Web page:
Christian martyrdom is not something Americans give much thought to in their daily lives. Despite our secular culture, we still live in a nominally Christian nation. There is no real persecution of Christians in America. We can still attend the church of our choosing. We can pray in public, and our tithing is tax deductible.
Our comfort shields us from the plight of Christians in other countries. In Europe, post-Christian nations are passing laws promoting abortion and euthanasia. Hostility to Christianity in Africa and the Middle East is at a fever pitch. In those lands Christian martyrdom is much more likely.
It’s easy in America to be complacent about our religious freedom. I had a reminder of this when I read a story on an Orthodox Christian message board.
Mocking Christian Martyrdom
The story came from a recently baptized Orthodox Christian. After the young man’s baptism, people referred to him by his given name instead of his baptismal name. This upset one elderly lady in the parish.
“I don’t know a Charlie anymore,” the woman said. “Everyone here just watched him die! I only know a Nicholas now.”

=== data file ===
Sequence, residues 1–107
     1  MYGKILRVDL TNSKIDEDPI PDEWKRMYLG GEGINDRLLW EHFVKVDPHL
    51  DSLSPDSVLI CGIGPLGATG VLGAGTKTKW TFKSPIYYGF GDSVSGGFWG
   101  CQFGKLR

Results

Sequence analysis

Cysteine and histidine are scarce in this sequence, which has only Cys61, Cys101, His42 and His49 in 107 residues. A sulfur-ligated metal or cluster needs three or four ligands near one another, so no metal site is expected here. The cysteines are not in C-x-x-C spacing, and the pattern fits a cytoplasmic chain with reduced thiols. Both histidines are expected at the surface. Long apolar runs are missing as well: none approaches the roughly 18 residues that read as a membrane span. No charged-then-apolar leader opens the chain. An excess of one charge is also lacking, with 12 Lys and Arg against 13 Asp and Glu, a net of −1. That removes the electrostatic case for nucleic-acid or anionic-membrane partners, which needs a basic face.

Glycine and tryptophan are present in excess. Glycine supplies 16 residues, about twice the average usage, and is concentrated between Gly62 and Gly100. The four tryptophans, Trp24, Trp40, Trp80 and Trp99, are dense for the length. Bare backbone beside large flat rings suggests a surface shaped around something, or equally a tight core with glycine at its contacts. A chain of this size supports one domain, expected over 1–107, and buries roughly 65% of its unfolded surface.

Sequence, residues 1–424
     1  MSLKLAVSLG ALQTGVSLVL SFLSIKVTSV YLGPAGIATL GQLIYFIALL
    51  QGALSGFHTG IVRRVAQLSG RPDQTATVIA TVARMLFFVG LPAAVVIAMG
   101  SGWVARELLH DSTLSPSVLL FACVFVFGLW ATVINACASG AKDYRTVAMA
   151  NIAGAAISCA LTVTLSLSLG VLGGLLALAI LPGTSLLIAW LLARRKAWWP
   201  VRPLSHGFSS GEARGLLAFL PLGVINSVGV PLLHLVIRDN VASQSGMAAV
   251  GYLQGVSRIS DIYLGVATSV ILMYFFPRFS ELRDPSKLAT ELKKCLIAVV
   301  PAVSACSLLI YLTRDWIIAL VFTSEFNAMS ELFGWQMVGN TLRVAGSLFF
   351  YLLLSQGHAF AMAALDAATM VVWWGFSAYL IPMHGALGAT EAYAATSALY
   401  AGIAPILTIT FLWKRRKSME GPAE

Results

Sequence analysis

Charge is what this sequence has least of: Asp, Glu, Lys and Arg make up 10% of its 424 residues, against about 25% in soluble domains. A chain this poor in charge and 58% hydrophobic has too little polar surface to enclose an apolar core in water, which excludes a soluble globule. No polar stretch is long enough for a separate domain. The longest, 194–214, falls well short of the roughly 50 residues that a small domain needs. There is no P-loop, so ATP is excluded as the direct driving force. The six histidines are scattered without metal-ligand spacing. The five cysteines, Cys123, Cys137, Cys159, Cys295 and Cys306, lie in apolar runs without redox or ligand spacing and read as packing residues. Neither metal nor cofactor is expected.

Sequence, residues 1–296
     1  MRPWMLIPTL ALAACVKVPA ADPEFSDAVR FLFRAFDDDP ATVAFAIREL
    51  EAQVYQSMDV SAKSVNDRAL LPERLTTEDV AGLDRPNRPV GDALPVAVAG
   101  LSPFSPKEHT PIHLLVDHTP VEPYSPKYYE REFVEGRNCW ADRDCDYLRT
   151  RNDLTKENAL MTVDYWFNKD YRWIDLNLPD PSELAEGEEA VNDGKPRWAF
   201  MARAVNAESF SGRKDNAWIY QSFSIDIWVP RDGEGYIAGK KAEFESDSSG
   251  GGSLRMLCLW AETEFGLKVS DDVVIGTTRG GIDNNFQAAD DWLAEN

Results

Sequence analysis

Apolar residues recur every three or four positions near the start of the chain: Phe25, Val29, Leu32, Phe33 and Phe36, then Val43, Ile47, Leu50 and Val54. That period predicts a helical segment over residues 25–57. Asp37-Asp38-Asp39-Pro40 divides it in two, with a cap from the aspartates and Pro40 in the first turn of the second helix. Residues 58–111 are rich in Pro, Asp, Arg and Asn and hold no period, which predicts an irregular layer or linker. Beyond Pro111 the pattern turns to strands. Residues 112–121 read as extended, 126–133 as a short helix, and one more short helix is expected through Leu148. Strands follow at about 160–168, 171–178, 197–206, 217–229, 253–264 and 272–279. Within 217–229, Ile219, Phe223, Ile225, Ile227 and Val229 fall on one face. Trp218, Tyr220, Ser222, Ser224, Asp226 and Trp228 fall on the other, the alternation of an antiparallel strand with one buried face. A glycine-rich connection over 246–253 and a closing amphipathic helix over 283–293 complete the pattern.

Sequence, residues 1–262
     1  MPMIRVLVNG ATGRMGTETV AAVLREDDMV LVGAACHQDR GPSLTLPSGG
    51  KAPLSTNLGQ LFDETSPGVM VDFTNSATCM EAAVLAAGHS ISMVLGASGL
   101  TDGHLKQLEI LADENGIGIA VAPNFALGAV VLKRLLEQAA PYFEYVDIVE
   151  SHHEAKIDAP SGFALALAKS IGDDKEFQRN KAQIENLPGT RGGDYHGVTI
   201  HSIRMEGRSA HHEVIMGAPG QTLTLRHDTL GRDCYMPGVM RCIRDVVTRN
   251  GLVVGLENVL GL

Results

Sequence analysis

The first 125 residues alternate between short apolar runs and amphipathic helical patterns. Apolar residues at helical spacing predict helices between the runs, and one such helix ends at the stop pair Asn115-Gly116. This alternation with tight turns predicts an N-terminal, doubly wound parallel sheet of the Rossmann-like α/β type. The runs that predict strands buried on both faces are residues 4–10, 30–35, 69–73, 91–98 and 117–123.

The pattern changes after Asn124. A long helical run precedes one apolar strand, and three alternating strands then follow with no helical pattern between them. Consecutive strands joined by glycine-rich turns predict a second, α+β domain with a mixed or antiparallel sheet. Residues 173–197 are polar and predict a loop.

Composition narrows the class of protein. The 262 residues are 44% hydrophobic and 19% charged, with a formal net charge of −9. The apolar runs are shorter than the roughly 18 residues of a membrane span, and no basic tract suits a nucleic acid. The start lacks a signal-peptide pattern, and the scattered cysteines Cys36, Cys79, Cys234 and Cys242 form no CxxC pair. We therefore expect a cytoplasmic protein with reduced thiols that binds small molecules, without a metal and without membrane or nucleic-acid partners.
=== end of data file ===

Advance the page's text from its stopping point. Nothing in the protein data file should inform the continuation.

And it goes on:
It was quaint that an old woman raised Orthodox would take such offense. Not holding a baptismal name in high regard wasn’t a big deal, I thought. But one commenter on the message board did not find it funny.
“You think this is a laughing matter?” he asked. “People have died for this.”
At first I was taken aback when I read this rebuke. Can’t this guy take a joke, I thought. It’s just a cute story about a sweet old lady that has some outdated customs. Nobody is dying for taking on a church name.
Then I remembered that people had just died for these very things.
Christian martyrdom is not some antiquated relic of the Roman Empire. People are dying right now for proclaiming that Christ is risen. They live in daily fear of death for something we take so lightly. The Church is producing new martyrs in places where believing in Christ is a death sentence.
For American Christians, the cross of Christ is a fashion accessory. Our choice of church is a status symbol. While African Christians hide their faith in public, we advertise the size of our projection screens and praise bands.
What is our idea of persecution? Not getting to have a monument to the Ten Commandments in our courthouse. The oft-repeated claim that someone, somewhere wants to remove In God We Trust from our money.
This is not to say that our society and our government isn’t more and more anti-Christian. There may yet come a day when we see American Christians singled out for hardships. The government may tax our churches. Our ability to engage in commerce might be hindered. Believers in Christ should at the least contemplate the possibility of Christian martyrdom.
That day is not upon us in America. But it is happening right now in other parts of the world. We have to take our faith seriously in times of comfort, if it is to be of any use in a time of trial.
People have died for what we believe. They are dying still.
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